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Buyers snapping up farmland across Western Canada

Optimism in the agricultural sector has many western Canadian farmers looking to add to their land base this spring. That strong demand, together with a lack of willing sellers, is causing land prices to continue to move higher across Western Canada, according to real estate agents specializing in farmland.

“There seems to be new people every day looking to buy more acres,” said real estate agent Grant Tweed, of Century 21 West-Man Realty in Brandon, Manitoba, noting that the demand was largest for good grain land. While strength in the cattle market was also helping the market for pasture land see some improvement, the gains there were not as large.

“Every sale seems to set a new plateau, with land that was $1,500 (per acre) a year ago probably drawing $2,000 right now,” said Tweed.

Farmers benefiting from good commodity prices are looking to add to their operations, with “a lot of cash floating around looking for a home,” said Tweed. He said more younger farmers were also looking to get into the industry.

Can’t get enough

“For grain land – we can’t get enough to sell,” said Harold Goritz of Winnipeg-based Delta Real Estate, adding that what does come on the market is not there for long and sells for “higher prices than we’re used to.”

Goritz said the price of grain land is unlikely to go down, but a downturn in commodity prices could at least slow the upward move in land values. Demand for pasture land is also starting to improve, he added. “There’s a real interest in land at this time,” said Bob Lane, of Lane Realty in Regina, Saskatchewan. “At the same time, a lot of people are happy to own their land.” Lane said high commodity prices are making for a good market for both the seller and the buyer.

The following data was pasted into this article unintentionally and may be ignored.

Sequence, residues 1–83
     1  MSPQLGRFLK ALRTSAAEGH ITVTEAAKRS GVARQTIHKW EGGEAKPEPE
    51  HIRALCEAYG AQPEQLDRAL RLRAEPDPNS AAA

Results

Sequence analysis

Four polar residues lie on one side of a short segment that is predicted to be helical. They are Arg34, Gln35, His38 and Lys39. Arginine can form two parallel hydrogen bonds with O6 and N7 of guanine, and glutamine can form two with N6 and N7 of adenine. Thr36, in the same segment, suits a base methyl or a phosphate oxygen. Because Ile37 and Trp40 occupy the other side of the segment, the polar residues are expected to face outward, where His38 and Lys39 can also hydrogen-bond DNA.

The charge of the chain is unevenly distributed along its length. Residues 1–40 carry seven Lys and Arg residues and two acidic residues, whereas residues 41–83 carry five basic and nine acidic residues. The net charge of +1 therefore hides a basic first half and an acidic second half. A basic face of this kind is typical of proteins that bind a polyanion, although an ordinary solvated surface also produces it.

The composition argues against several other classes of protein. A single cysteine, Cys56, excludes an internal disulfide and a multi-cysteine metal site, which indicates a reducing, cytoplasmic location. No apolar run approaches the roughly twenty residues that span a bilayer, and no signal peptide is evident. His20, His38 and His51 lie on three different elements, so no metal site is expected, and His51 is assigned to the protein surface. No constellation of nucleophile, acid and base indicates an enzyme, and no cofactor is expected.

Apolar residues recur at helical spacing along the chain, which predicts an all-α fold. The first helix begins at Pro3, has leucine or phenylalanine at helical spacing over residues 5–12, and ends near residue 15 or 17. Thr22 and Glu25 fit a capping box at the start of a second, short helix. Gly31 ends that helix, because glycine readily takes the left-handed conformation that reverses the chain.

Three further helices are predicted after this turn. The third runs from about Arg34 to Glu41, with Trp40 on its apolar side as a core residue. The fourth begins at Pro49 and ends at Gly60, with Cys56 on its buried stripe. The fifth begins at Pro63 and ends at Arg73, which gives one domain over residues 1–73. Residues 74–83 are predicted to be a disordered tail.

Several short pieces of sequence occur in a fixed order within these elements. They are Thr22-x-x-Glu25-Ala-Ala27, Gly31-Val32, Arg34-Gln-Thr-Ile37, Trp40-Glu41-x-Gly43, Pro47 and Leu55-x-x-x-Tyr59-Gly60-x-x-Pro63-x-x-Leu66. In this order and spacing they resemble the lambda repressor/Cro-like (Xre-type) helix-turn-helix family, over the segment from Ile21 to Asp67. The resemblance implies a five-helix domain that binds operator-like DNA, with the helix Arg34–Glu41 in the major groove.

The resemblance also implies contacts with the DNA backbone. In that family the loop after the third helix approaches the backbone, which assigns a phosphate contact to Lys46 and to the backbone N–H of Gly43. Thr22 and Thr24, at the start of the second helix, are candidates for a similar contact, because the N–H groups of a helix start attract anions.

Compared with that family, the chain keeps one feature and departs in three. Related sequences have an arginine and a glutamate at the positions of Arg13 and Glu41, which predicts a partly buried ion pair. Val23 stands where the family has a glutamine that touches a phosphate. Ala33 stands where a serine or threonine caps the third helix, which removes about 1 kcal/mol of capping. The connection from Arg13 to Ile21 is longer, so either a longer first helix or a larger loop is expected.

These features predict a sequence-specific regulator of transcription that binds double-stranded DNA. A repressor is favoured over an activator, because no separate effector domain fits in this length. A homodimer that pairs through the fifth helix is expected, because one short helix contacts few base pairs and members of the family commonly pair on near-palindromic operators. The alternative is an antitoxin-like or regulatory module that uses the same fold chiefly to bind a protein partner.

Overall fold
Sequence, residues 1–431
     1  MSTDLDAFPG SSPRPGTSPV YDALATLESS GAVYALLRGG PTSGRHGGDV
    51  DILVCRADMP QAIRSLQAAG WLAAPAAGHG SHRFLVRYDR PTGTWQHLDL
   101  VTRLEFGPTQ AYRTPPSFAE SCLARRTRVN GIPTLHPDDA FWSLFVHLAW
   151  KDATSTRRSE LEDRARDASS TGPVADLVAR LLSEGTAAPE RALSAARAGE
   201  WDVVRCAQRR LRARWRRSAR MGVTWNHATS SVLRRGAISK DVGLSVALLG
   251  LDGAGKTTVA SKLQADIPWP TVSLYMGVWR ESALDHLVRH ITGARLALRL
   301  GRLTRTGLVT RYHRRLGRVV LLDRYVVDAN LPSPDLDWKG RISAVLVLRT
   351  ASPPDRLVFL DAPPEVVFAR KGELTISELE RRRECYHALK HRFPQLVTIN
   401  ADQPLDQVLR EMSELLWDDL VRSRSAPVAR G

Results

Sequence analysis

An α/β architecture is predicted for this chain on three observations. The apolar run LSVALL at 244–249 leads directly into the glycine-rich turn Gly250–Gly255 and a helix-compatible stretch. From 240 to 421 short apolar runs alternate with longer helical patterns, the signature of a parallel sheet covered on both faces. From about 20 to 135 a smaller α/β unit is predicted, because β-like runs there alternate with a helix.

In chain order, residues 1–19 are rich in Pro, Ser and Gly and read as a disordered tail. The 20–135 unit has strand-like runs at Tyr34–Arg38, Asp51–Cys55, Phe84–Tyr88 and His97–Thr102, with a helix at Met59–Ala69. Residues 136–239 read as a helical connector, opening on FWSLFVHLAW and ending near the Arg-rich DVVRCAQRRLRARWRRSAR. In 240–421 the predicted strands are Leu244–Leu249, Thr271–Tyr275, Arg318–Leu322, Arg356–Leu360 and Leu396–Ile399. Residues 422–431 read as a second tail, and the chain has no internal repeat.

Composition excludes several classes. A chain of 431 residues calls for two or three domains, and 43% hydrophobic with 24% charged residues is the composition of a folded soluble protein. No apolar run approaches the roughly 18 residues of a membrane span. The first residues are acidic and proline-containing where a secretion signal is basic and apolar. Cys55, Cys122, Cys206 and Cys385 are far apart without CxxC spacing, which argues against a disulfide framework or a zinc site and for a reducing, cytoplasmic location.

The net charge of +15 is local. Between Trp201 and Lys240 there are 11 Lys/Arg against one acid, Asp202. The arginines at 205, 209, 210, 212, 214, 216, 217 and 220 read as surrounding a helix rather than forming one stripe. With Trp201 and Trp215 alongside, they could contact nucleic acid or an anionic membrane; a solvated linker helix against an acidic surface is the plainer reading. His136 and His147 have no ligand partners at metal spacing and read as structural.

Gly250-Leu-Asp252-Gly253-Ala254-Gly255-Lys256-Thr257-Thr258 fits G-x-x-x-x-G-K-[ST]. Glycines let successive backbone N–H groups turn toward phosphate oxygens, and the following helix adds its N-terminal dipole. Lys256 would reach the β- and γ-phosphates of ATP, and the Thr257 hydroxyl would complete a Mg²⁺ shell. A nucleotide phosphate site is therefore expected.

When property comes on the market it sells quickly — whereas in other years it may have taken a longer time, said Lane.


The demand for land is coming from both local farmers looking to expand their existing operations, and buyers from other parts of the country, according to the real estate agents.

Lane said the strong Canadian dollar and weaker euro has slowed some of the demand from European buyers that had shown considerable interest in Western Canada in recent years. However, he said the international interest these days was coming primarily from South Africa.

The high land prices have risen to the extent where it is not as profitable to buy land and rent it out, as the returns are better in other investments, said Lane. That being said, the demand for rental land is there, and many retiring farmers with land to rent out are choosing to do just that.

About the author


Phil Franz-Warkentin - MarketsFarm

Phil Franz-Warkentin writes for MarketsFarm specializing in grain and commodity market reporting.



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